WHO Calls For Further Funding Into Long COVID Patients Study


The WHO has urged nations to invest promptly in research, recovery, and rehabilitation in order to treat the post-COVID-19 syndrome seriously.

At least 17 million people in the 53 Member States of the WHO European Region may have encountered post-COVID-19 conditions, also known as long COVID, in the first two years of the pandemic, according to a new simulation done for WHO by the Institute for Health Metrics and Evaluation at the University of Washington School of Medicine in the US. Or, to put it another way, between 2020 and 2021, an estimated 17 million individuals matched the WHO definition of a new case of extended COVID with symptoms that lasted at least three months.

According to the model, the significant rise in verified COVID-19 instances from late 2020 through 2021 will be the main cause of the 307% surge of new long-term COVID cases found between 2020 and 2021.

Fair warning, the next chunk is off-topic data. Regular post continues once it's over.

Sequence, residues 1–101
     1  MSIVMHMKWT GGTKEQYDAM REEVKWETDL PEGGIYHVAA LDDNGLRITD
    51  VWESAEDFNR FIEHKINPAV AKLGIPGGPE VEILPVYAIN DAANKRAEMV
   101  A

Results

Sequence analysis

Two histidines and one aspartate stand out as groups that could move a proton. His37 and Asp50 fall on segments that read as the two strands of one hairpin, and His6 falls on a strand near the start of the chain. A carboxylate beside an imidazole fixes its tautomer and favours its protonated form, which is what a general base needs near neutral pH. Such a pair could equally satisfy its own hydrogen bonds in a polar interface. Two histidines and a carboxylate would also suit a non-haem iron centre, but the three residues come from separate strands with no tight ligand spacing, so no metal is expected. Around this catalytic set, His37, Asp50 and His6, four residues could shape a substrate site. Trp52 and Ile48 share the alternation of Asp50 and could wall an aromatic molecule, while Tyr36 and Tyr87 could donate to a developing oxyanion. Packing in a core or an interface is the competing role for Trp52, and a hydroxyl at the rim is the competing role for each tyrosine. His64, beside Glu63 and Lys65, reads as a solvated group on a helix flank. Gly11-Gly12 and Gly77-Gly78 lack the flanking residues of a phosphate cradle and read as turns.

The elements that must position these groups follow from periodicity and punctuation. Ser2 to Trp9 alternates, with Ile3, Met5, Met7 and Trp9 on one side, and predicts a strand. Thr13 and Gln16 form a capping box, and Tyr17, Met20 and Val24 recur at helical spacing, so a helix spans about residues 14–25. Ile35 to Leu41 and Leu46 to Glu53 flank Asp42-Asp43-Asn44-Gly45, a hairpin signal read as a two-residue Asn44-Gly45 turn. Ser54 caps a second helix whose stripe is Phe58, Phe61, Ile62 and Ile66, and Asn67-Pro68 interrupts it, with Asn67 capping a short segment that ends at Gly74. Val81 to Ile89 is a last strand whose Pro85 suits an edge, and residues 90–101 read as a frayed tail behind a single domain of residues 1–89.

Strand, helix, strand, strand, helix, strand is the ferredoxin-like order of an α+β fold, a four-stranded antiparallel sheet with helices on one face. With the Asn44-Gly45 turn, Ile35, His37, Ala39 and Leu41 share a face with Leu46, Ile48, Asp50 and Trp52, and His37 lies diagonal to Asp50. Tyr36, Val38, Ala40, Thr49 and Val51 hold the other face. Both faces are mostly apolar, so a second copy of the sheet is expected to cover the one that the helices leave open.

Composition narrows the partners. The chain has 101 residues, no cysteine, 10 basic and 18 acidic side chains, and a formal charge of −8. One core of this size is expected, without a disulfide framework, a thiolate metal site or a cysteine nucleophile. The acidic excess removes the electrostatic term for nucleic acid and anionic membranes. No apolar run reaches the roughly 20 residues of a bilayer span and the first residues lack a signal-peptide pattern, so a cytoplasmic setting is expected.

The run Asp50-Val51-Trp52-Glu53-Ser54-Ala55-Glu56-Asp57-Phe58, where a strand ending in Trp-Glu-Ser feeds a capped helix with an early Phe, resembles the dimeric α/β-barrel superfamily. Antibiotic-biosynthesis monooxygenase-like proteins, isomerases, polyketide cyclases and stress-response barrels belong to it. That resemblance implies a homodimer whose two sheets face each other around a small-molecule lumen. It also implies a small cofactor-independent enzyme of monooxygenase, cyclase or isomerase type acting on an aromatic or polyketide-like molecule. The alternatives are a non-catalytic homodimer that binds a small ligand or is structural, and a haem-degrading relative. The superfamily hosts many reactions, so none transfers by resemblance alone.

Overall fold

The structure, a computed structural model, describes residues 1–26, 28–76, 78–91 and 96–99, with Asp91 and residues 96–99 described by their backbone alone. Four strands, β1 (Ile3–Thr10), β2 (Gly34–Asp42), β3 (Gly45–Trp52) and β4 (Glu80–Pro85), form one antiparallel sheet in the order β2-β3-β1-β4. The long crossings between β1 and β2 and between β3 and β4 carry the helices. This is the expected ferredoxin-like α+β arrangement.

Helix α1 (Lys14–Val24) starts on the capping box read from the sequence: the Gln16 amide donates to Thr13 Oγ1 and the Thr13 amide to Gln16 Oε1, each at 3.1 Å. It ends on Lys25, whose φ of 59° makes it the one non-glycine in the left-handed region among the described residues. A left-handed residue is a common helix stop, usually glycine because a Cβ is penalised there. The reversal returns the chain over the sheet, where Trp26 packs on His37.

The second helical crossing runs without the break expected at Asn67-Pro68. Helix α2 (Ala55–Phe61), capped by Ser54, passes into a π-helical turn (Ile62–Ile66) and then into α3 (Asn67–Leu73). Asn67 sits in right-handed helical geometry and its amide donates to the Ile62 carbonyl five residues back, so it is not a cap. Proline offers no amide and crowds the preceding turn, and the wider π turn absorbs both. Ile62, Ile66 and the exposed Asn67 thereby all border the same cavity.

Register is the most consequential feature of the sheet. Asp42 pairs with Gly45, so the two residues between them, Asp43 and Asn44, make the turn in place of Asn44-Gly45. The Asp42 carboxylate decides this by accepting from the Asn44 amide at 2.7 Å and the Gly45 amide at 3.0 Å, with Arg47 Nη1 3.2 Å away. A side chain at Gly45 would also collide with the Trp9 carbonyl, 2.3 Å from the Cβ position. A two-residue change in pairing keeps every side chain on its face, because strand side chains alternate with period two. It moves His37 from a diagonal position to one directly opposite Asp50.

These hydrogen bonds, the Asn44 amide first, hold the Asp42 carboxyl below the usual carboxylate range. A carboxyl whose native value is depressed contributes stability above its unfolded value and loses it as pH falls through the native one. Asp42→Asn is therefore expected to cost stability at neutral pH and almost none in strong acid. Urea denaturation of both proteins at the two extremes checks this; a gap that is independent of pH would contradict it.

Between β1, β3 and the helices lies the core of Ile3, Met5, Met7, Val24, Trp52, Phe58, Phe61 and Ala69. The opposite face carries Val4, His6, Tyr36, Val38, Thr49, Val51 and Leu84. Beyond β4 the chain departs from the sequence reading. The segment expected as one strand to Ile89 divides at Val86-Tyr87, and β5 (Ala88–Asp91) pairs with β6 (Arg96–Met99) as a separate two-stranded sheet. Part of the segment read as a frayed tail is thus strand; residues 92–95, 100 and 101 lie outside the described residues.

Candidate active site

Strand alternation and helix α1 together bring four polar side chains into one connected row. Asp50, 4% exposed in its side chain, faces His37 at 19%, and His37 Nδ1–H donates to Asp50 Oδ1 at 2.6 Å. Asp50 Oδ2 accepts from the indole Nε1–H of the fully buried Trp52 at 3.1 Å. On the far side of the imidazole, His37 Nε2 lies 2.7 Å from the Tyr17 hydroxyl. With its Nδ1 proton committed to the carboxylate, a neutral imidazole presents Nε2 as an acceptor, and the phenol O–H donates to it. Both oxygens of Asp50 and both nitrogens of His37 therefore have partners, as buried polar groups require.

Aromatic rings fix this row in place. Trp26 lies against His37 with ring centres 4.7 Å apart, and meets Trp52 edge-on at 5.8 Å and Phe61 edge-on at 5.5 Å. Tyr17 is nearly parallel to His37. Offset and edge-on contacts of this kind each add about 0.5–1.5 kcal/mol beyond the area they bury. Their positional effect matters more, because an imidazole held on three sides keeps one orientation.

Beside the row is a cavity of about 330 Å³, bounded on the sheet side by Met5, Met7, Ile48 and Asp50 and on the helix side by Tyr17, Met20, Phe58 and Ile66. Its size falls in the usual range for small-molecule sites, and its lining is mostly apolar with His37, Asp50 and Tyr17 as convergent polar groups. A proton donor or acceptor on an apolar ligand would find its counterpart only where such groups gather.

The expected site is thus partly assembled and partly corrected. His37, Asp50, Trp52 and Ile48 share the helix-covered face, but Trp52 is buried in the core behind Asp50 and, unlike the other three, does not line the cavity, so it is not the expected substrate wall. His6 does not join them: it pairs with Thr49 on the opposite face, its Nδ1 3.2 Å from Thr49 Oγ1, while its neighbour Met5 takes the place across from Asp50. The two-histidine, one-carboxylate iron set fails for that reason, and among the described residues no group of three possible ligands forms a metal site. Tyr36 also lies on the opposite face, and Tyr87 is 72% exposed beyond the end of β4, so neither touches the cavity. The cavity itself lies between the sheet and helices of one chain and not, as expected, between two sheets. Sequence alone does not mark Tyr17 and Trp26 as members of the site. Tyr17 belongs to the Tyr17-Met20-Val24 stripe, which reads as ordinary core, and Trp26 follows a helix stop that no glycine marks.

Additionally, the modelling indicates that women are twice as likely as men to have a long COVID. Additionally, one in three females and one in five males are likely to develop protracted COVID in severe COVID-19 cases that require hospitalisation.

Dr. Hans Henri Kluge, WHO’s regional director for Europe, stated that while there is still much to learn about long-term COVID, particularly how it manifests in vaccinated versus unvaccinated communities and how it affects re-infections, these data highlight the urgent need for additional research, financing, assistance, and togetherness with those who suffer from this condition.

Millions of people in their region, which spans Central Asia and Europe, are still experiencing crippling symptoms months after contracting COVID-19. They can’t bear their suffering any longer. He added that governments and health stakeholders must work together to develop solutions that are supported by data and analysis.

The aggregate phrase post COVID-19 condition or long COVID refers to the collection of persistent symptoms that some patients endure after having COVID-19. While the majority of COVID-19 sufferers recover fully, it is suspected that 10–20% experience a range of short-, mid-, and long-term side effects, including fatigue, dyspnea, and cognitive impairment.

Long-term COVID can both directly and indirectly damage a person’s mental health as well as their capacity to carry out daily tasks like work or household chores.